BALTIMORE - An analysis of the numbers from the Department of Labor shows the bulk of that net loss in local and state government positions. Professional jobs fell by roughly 2,000.
We met with Dr. Daraius Irani , chief economist at Towson University. He spent August drilling down into the jobs drop-off for insight into the decline.
“I suspect some of this had to do with the state contracts set to go out,” he said. “There were likely cutbacks in budget considerations resulting in some people out of work.
“Also, we’re entering into a phase where budget reauthorizations are taking place, which means some agencies are pulling back to account for uncertainty in spending because of what’s going on,” he added.
Dr. Irani pointed to four criteria for jobs analysis that include what he called: Eds, meds, feds and beds (education, medical, government and tourism). Notably, Dr. Irani pointed to tourism taking a bit of hit.
“Tourism saw some dips, which is a concern, given July is a big tourism month,” he said. “I think some of the factors in the national economy are coming home to roost in Maryland. This recovery, which has be going on since 2009. We’re entering one the longest expansions post war, 60-plus months, out of a recession. Yet it doesn’t feel like a recession.”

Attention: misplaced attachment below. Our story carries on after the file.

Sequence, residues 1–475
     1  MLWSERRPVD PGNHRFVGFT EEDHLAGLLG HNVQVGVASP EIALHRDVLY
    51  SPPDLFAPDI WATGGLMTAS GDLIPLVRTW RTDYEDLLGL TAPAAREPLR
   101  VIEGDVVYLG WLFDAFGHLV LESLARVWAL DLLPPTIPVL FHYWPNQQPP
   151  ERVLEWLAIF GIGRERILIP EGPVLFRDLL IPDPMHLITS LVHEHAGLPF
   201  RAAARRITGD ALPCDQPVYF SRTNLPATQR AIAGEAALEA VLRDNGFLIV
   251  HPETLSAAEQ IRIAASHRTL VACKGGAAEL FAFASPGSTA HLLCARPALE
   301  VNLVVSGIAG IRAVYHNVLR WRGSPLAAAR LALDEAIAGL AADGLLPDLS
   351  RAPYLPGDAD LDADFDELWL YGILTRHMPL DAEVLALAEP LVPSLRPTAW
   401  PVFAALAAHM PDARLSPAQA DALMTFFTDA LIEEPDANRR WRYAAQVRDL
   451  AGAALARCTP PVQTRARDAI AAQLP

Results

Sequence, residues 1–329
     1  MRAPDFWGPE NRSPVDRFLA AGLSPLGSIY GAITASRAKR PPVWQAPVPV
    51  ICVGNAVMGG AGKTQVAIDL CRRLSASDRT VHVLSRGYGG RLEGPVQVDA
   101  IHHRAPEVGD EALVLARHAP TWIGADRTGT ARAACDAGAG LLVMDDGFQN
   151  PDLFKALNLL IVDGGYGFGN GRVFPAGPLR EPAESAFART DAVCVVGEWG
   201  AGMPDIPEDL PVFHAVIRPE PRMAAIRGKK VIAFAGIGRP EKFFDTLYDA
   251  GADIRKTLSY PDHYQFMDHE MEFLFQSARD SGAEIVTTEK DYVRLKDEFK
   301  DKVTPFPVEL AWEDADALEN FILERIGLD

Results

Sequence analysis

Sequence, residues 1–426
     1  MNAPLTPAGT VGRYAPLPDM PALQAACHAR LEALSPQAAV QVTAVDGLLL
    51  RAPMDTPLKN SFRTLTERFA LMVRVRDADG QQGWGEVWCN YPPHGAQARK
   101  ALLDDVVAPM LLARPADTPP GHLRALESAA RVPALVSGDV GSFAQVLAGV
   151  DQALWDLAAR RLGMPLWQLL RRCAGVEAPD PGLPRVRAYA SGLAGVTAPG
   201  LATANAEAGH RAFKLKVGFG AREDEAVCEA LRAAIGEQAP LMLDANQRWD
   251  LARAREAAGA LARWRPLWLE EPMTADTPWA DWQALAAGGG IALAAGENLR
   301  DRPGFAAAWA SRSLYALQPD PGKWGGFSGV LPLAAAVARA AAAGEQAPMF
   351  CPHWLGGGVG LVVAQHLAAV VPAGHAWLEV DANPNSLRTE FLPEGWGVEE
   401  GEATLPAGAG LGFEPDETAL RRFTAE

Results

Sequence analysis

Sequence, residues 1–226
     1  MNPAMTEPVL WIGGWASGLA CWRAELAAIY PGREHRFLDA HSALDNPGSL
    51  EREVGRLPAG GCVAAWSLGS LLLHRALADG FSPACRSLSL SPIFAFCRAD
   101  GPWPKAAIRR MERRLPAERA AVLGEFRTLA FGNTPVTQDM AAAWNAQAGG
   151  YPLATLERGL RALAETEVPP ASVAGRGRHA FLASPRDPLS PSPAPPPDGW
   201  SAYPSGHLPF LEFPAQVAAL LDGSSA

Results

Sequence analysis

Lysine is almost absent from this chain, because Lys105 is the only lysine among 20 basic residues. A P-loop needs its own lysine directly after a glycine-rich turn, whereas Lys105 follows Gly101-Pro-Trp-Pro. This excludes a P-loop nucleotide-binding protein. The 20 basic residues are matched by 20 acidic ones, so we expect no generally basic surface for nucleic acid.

Dr. Irani also noted that June’s job numbers adjusted for an additional 5,000 jobs lost. He says his analysis points to the number of high-paying jobs nationally is significantly less than lower-paying or part-time jobs.
The result, he says, is workers are less inclined to enter the job market.
For a closer look at Dr. Daraius Irani’s breakdown of the jobs report, click here .